The film excels at dropping you into the 1960's, from the era-appropriate clothing to the classic cars. Not only is the film a love letter to the beautiful game, but you can also tell the production had a lot of fun recreating the 1960's on screen for us all to revel in. The use of classic cars was such a nice touch it gives off the air of money you still expect from football even at the lower levels. One thing it doesn't do though is making my slightly younger-self long for 1960s attire. Yeesh.
Overall, the film is a heart-warming tale of passion and first love coming together. If you're a football fan you will be in your element from the opening scenes and thoroughly enjoy this love letter to the beautiful game. If you aren't a fan, just stick around and you may change your mind by the end of the film.
It's real, it's relatable, it's hilarious... it's just a downright a great 90 minutes of cinema. "The Bromley Boys" is the ultimate story of one boy and his love for the worst football team in Britain and it is absolutely beautiful. It's one of the best coming-of-age stories I have ever had the pleasure of watching, and I don't see it dropping out of my top 10 films by the end of the year. If you get the chance to check this out on the big screen I plead, scratch that, I implore you to rush to see it. This is the type of film that when seen with a crowd of people passionate about the same thing will result in one of the best cinema-going experiences of the year. All that being said, the film just leaves you feeling all warm, fuzzy and just high on life and spurs you on to follow your passions.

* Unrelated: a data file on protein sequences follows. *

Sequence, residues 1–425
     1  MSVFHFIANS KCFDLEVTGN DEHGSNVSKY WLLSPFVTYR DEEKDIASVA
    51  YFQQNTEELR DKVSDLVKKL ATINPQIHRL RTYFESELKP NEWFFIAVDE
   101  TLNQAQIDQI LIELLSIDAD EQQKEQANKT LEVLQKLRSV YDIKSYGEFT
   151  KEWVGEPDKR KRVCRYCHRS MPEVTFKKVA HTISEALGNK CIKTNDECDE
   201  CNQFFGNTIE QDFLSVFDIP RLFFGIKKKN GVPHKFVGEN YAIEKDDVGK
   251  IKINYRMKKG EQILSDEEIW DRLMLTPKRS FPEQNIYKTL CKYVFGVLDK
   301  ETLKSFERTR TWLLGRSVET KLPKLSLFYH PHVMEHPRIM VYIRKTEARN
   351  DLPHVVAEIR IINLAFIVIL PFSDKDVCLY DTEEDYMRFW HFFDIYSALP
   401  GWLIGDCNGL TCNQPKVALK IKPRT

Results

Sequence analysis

While Batman v Superman: Dawn of Justice wasn't perfect, which let's be honest what is these days. If was a LOT of fun, a brilliantly executed Batman, Ben Affleck was a perfect choice while I was apprehensive at first I loved him in the role. Henry Cavill shon again as Superman, for me personally he's the best live action Superman we've had and now Affleck is also (for the Bat). Jesse Eisenberg was a great Alexander Luthor, Jr. he exudes power and commands respect even with miniscule moments, the sweet/candy scene was an incredible power play. While at times he had a more Riddler vibe about him (which was more evident after hearing he auditioned for that role) I still enjoying his performance.
While I will heap praise on the film there is definitely some parts that fell short for me. The editing was horrible, there was moments it felt like a student film rather than a Hollywood blockbuster. Also the pacing was a bit off whack too, it just didn't gain a proper traction, but that didn't ruin the overall story for me. There was a couple of other things I was "meh" about but don't want to spoil them.